- Radiation with liposomes that have sustained or controlled release, superior therapeutic effects, site targeting capabilities, lower toxic side effects, and protection of drugs from degradations and clearance.
- Therapy such as cell therapy for cancer patients with nanomedicine NP. This medicine can drug release controller and high specificity.
- Other procedures like traditional medicine like meditation, yoga, and heart exercises. Sometimes consulting a psychologist and doing pleasant things are also part of the treatment.
The doctor in charge of allopathic medicine can prescribe several medications for the patient’s needs such as:
- Estrogen for the development and growth of female sexual characteristics and reproductive processes. Men also need this hormone in minimal amounts.
- Testosterone helps men influence their build muscle mass, sex characteristics, libido, and energy levels.
- Thyroid hormone (in hypothyroidism).
- Insulin (in diabetes).
The Counter Drugs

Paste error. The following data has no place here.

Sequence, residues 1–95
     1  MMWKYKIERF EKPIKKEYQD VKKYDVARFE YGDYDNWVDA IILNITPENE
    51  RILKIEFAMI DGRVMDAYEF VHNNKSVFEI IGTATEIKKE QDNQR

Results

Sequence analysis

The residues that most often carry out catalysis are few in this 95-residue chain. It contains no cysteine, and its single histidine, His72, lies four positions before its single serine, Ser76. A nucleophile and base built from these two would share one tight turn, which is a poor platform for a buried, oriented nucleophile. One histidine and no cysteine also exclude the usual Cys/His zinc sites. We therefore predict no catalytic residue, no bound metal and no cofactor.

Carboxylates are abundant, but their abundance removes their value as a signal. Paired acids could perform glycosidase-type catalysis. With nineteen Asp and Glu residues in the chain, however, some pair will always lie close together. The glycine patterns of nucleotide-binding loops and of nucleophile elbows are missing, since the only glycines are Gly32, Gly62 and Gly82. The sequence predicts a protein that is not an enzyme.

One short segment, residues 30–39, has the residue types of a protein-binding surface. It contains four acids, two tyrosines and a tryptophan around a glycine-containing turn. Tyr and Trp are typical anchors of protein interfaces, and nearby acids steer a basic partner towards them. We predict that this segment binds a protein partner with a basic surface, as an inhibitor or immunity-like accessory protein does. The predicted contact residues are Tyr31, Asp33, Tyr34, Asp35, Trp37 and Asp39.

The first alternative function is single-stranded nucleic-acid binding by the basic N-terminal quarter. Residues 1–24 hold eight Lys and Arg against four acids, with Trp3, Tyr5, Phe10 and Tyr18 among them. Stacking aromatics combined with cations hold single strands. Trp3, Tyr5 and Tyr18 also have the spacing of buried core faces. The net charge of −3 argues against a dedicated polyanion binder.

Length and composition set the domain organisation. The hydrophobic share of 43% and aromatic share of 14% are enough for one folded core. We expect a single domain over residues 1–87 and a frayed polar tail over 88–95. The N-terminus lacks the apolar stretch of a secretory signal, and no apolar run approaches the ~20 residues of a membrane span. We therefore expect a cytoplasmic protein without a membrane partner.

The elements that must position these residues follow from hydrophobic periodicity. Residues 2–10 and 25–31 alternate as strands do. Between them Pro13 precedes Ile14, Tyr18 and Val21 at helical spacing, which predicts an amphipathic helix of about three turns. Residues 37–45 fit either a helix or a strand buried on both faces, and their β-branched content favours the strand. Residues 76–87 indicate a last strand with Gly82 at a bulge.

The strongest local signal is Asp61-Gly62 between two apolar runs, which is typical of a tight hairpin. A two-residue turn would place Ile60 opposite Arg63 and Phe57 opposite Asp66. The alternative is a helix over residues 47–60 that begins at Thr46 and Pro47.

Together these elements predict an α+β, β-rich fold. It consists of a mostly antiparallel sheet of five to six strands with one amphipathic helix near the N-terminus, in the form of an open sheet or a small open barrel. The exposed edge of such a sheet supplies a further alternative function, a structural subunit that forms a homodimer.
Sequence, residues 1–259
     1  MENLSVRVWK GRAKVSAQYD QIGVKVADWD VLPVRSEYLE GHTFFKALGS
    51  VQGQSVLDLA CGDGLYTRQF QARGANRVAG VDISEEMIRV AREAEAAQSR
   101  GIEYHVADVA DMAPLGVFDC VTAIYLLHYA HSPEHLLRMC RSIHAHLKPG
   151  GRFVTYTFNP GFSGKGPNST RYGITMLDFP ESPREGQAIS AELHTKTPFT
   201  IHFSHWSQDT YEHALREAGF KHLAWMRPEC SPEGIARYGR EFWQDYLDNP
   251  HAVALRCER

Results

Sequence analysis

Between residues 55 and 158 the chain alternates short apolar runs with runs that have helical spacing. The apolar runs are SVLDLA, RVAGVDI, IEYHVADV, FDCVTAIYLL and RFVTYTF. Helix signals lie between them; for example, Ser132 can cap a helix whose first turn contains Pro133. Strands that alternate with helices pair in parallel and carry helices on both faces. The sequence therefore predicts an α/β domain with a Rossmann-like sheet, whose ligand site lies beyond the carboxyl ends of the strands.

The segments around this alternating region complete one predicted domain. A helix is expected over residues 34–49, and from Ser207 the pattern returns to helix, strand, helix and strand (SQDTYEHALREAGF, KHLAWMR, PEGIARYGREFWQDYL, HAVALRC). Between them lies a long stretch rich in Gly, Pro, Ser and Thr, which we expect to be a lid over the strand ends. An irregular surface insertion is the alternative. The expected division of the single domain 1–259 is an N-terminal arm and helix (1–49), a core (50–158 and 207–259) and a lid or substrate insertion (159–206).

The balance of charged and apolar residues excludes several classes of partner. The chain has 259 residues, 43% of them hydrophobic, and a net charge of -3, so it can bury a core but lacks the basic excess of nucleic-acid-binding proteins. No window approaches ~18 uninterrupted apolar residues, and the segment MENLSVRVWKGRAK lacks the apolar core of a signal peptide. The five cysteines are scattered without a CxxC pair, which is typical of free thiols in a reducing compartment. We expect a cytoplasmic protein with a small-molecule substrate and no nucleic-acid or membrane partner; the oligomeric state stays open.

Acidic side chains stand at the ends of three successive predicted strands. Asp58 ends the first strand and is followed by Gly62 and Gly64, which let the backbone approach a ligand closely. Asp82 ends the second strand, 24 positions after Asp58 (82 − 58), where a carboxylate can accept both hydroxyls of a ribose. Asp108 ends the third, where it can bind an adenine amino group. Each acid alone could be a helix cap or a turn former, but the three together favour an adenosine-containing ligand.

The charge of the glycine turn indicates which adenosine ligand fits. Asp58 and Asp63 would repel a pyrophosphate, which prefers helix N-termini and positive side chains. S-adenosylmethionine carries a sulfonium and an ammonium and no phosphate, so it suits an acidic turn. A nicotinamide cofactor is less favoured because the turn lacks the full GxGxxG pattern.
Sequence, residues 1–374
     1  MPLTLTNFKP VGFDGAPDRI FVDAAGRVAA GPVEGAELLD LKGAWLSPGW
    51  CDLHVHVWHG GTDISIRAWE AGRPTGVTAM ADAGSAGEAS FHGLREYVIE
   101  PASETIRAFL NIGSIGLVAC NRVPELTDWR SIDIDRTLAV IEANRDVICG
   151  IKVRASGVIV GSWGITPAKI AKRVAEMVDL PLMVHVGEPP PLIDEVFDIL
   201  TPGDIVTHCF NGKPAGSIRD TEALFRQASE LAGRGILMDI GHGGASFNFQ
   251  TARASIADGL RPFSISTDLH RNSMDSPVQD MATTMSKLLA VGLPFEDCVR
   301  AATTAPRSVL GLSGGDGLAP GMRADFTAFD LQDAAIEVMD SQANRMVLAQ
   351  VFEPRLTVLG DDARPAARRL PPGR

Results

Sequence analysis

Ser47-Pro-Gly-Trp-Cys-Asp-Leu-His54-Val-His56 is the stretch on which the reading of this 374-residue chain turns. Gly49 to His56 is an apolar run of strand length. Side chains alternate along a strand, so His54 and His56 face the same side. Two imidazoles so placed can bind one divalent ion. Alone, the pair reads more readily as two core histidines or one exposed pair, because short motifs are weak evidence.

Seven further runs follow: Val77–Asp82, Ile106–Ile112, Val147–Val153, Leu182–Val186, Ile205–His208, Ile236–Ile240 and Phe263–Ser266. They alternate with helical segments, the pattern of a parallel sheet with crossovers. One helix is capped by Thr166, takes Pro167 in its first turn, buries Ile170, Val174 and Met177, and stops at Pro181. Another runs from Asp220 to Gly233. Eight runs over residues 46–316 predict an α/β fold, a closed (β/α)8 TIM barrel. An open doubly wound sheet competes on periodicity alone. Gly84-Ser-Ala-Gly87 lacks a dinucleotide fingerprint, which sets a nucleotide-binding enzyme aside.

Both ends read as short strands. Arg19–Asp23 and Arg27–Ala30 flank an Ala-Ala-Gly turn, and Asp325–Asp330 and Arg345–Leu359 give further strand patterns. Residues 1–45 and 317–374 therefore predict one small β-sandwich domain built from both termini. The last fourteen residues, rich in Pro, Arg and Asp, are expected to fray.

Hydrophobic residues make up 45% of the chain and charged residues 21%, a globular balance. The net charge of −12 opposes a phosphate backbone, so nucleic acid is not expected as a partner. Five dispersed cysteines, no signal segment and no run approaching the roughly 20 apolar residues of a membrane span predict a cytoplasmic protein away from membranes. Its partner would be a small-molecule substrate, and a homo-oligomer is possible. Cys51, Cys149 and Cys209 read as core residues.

- Cough suppressant.
- Muscle softener.
- Sore throat medicine.
- Antibiotic ointment.
- Pain relievers (aspirin, ibuprofen, and acetaminophen).
Medicine for Infectious Diseases
- Blood pressure medications (beta blockers, ACE inhibitors, diuretics, and calcium channel blockers).
- Migraine medications (trypsin, ergotamine, and antinausea drugs).
- Antibiotics (amoxicillin, augmentin, penicillin, and vancomycin).
- Diabetes medications (DPP-4 inhibitors, metformin, thiazolidinediones, and sitagliptin).
- Antibiotic prophylaxis to prevent infection after cuts, very deep wounds, and surgery.
- Educational programs to prevent the development of health problems like diabetes and cancer.
- Enhancements to prevent serious illness in infants, kids, and adults.
- Prediabetes treatment to help prevent diabetes dietary and exercise to help with serious complications in stroke and heart disease.
Hopefully, this review of drug release controls can bring great benefits to all of us.